THE BURRY MAN
We refer to the annual procession of the BURRYMAN , got up on the day preceding the annual fair amongst the boys of Queensferry, and traced back to time immemorial, to the distraction of anti quarian research, although and object of which are lost in antiquity, and long ago foiled the antiquarian research of Sir Walter Scott. Tradition at present connects the custom with the erection of Queensferry into a Royal Burgh, which did not take place till the time of Charles I, and even points to the previous constitution as a Burgh of Regality, alleged to have originated under Malcolm Canmore, in which case the representations of the Burgh by the “BURRYMAN” would amount to a whimsical pun. The custom in question can be traced back to the last Battle of Falkirk; for an old person of eighty now living, whose deceased mother was aged thirteen at the date of the Battle (1746) states that the observance has remained unaltered from then till now. On the day preceding the Queensferry Fair, the BURRYMAN who requires to be either a stout man or robust lad, as weakly persons, like the man in complete steel who annually sacrifices his life to the Lord Mayors Show in London, have been known to faint under the heat and fatigue of the dressing, is indued in his flannels; face, arms, and legs, body all being covered, so as nearly to resemble a man in chain amour, from the adhesion of the burrs; and the head, as well as the tops of the staves grasped with extended arms, being beautifully dressed with flowers; whilst the victim, thus accoutered, is led from door to door by two attendants who likewise assist in holding up his arms by grasping the staves. At every door in succession, a shout is raised, and the inhabitants, severally come forth, bestow there kindly greetings and donatives of money on the BURRYMAN who in this way collects, we believe, considerable sums of money to be eventually divided and spent at the Fair by the youth associated in this exploit.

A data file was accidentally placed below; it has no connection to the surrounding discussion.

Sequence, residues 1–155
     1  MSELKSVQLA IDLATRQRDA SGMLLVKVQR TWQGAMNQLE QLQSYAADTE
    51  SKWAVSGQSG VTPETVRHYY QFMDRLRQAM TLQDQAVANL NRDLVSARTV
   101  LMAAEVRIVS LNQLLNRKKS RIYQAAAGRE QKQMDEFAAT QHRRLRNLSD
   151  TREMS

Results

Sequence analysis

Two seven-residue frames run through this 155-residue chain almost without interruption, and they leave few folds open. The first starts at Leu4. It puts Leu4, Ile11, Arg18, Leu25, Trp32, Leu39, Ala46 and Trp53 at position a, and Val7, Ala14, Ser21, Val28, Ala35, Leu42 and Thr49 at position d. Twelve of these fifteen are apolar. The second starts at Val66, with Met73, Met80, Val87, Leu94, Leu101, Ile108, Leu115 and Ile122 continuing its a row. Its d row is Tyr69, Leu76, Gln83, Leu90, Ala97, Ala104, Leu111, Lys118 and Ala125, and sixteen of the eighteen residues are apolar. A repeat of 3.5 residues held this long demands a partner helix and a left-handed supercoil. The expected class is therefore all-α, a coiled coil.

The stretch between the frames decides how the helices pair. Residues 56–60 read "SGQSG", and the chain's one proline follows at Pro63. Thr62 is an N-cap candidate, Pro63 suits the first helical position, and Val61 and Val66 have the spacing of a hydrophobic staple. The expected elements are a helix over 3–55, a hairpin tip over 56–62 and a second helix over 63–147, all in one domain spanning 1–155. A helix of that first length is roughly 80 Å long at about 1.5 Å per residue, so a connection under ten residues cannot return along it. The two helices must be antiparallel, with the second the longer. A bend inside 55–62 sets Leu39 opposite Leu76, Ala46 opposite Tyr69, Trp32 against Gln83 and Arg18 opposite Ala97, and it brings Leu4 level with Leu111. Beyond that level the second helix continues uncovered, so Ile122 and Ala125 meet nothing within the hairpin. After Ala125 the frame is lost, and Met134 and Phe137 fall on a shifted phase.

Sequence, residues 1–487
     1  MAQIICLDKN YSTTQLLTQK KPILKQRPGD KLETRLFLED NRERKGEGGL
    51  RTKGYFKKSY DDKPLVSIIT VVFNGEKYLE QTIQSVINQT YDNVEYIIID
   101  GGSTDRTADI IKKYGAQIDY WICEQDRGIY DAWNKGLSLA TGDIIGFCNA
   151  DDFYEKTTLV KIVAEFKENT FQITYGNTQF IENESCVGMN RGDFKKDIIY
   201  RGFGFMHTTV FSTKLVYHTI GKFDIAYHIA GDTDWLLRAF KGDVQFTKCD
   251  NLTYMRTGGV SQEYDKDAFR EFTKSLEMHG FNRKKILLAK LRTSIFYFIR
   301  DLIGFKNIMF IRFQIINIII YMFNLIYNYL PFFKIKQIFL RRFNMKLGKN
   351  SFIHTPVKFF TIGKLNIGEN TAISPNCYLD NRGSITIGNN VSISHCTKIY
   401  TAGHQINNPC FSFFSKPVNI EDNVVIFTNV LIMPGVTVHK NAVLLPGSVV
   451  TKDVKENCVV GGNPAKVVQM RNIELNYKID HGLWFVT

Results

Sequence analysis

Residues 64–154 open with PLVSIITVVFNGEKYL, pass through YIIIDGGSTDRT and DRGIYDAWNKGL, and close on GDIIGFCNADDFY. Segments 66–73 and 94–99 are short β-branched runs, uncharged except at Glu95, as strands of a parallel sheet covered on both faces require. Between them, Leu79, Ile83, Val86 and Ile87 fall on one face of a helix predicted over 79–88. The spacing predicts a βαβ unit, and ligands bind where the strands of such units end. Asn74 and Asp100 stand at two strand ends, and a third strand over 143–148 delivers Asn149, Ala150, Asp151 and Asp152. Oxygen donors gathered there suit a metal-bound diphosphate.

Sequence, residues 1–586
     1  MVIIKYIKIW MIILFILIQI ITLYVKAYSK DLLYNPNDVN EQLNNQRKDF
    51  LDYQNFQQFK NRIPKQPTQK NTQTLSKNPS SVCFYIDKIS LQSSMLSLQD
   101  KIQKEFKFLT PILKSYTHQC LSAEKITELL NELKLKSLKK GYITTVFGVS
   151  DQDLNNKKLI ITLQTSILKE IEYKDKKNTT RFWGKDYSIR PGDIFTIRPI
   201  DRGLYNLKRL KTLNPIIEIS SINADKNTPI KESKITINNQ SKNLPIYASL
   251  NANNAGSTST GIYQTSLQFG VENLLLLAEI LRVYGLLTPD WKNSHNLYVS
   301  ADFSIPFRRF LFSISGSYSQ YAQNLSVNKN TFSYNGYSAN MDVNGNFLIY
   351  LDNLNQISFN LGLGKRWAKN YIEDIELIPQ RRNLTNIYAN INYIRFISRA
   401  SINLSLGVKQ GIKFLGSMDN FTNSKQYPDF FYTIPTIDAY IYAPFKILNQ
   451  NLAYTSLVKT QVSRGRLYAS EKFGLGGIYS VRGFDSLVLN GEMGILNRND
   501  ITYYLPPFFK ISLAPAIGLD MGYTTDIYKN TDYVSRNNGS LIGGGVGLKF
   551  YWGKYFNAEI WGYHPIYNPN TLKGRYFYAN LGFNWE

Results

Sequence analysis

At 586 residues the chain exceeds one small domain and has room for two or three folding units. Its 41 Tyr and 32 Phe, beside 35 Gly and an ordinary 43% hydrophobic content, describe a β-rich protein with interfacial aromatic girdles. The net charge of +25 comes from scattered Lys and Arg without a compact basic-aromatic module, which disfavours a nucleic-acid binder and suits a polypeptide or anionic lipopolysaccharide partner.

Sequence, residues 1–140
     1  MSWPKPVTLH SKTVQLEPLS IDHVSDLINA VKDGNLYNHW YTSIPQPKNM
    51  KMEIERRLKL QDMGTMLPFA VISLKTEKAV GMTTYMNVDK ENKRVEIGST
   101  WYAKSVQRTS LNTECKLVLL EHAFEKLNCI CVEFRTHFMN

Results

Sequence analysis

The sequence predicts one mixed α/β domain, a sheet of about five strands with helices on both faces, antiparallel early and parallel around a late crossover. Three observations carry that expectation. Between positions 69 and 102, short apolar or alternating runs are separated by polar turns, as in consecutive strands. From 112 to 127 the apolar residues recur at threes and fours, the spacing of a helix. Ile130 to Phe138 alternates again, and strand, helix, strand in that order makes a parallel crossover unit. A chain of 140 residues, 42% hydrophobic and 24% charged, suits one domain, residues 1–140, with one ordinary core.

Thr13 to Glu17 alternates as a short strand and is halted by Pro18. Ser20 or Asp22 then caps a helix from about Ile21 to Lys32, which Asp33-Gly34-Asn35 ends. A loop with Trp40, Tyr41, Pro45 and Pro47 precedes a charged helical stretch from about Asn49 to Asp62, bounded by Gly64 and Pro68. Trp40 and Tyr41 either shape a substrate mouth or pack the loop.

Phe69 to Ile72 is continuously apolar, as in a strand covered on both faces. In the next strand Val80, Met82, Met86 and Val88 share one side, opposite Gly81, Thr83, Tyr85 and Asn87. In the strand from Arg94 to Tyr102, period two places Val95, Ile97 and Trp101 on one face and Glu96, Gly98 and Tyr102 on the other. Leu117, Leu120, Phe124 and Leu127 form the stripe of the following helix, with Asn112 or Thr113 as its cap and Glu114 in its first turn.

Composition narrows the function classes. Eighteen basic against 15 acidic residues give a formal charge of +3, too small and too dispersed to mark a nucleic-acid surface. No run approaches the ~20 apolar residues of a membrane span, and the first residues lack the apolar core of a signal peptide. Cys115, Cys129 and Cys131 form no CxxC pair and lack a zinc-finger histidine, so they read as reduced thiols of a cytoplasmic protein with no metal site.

Extract from Book by W W Fyffe.